Two young Milram riders, Roels and Russ, looking at the end of their careers
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Tuesday, October 19, 2010

Two young Milram riders, Roels and Russ, looking at the end of their careers

by Jered Gruber at 7:34 AM EST   comments
Categories: Pro Cycling
 
Matthias Russ steps away voluntarily, while Dominik Roels searches for a new team

The demise of the Milram team hasn't been and likely won't be a big deal in the careers of the squad's stars, Gerald Ciolek, Fabian Wegmann, and Linus Gerdemann, but the closing of the season looks likely to spell the end of the careers of at least two young Milram riders: Matthias Russ and Dominik Roels.

Matthias Russ was set to leave cycling voluntarily at the end of the season due to a number of reasons, but 23 year old Dominik Roels, hoped and continues to hope for a bit of magic to keep him at the professional level in 2011. Unfortunately, the search for a team has not been a fruitful one for the young rider.

"I have a manager who has worked hard and written emails to potential employers, but nothing came of it. I have to go with the fact then that I will not race professionally next season," said the breakaway specialist in a conversation with German television station, West Deutsche Rundfunk and quoted on Radsport-News.com.

The native of Koeln, Germany debuted as a hot talent three years ago, but little has come of his immense promise. Roels's best career result was a third place in a stage of the Vuelta last season.

What Roels hasn't been able to achieve in results, he has managed to make up for in sheer aggression. The Milram rider was a constant member of breakaways this season. RadsportNews notes that he was in five early breaks at the year's final Grand Tour, the Vuelta.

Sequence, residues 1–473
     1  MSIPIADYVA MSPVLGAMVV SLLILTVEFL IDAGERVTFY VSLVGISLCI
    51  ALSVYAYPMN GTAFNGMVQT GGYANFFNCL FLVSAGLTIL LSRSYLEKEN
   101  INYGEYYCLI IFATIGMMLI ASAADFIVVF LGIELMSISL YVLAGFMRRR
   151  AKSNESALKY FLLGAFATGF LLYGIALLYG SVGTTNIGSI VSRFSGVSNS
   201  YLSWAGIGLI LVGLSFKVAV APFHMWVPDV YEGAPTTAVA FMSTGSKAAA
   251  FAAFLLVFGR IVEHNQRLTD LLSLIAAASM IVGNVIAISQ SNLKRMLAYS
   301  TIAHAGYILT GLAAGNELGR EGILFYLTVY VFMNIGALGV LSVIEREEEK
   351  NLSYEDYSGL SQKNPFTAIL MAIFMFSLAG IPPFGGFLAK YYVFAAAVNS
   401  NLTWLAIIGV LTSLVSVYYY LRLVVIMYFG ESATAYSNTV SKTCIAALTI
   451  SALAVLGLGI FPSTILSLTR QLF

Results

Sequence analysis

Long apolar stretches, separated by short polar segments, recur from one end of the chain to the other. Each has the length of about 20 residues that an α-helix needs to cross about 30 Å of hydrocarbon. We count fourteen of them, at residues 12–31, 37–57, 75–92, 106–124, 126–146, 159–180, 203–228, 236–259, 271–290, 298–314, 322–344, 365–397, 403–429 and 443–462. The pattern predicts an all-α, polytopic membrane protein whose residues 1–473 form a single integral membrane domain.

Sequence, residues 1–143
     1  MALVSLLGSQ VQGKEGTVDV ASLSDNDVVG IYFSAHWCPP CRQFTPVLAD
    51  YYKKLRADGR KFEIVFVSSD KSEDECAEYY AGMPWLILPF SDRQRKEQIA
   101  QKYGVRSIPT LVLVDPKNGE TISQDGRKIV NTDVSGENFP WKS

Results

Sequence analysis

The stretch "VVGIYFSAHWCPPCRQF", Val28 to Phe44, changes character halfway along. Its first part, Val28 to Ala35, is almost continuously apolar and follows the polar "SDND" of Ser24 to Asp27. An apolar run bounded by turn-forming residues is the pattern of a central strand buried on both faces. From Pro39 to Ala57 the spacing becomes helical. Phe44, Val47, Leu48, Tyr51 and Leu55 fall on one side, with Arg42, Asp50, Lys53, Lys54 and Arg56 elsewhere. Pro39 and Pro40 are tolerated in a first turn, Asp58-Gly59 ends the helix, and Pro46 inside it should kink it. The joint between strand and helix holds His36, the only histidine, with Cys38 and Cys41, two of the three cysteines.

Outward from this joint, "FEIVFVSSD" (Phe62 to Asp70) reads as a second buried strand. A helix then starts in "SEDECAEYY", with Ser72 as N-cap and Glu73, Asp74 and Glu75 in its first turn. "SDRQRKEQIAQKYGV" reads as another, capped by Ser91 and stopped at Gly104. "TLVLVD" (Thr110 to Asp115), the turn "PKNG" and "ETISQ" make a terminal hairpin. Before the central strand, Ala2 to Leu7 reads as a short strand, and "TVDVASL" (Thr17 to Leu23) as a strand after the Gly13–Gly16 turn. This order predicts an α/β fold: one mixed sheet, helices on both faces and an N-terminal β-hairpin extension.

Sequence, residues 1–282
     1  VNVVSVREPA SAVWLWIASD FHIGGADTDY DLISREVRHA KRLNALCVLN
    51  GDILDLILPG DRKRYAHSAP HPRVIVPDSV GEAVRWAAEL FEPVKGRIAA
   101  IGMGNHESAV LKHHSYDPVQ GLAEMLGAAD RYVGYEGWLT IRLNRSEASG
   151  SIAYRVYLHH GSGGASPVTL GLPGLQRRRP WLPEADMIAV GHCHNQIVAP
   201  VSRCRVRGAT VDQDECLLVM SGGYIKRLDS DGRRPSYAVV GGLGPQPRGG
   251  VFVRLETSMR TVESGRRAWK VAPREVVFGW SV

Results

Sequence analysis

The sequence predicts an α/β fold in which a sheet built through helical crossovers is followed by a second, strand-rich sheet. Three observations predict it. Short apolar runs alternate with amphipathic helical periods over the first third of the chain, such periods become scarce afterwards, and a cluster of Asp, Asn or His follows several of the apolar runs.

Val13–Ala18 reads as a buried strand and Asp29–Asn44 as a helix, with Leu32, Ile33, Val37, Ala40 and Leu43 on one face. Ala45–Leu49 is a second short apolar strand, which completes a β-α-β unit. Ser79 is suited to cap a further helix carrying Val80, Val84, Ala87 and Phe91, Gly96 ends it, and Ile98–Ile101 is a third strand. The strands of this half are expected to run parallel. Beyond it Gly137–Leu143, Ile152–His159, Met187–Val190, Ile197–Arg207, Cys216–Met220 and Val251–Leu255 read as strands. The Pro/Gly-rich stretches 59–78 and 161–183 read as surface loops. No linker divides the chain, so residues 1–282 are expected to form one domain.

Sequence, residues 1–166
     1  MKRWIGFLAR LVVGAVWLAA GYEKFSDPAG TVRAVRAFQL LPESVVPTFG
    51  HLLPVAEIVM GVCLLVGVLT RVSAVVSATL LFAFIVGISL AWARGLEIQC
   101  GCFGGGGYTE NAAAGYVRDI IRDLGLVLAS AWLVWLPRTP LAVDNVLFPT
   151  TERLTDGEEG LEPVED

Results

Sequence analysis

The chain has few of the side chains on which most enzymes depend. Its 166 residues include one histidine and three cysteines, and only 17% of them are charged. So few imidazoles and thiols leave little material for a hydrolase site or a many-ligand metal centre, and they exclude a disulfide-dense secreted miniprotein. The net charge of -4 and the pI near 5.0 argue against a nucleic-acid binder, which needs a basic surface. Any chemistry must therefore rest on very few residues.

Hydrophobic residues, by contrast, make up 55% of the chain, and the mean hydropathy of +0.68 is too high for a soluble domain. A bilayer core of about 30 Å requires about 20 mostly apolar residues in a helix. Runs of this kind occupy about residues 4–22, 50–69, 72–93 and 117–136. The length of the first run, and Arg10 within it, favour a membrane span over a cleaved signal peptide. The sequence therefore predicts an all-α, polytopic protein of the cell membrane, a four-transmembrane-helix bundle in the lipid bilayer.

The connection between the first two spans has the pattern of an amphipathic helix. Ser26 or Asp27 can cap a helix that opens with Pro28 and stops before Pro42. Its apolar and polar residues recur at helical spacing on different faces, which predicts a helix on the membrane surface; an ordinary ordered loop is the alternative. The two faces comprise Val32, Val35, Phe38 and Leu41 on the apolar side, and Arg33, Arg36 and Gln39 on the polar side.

Roels is frank in his assessment of his performances though and knows that he didn't quite live up to the weighty expectations placed on his shoulders early on in his career.

"It didn't progress right with me. I didn't achieve the expected performance gains."

As for Russ, the factors were numerous, but focused mainly on his health, his improvements, and doping in the sport. The climber from southwestern Germany suffered from asthma, but like Roels, couldn't achieve the improvements that he hoped to.

"I felt that I was not progressing at the Giro, at least in the mountains, because I had surprised myself in the time trial," said the uphill specialist in a conversation with RadsportNews.

Russ was further frustrated by not just doping, but the triumphant returns of a small army of former dopers, something that he seemingly had difficulty wrapping his head around.

"The doping cases disturbed me, especially the return of wrongdoers back into the pack as if nothing had happened. I don't want to spit in the soup though. The bike has earned me some very special moments that I'll never forget. I enjoyed myself."

The Tour of Muenster was the final race for the 26 year old who now looks set to resume his studies following an extended hiatus as a professional cyclist.

"My family is completely behind me and even encouraged my choice…I think I made the right decision."

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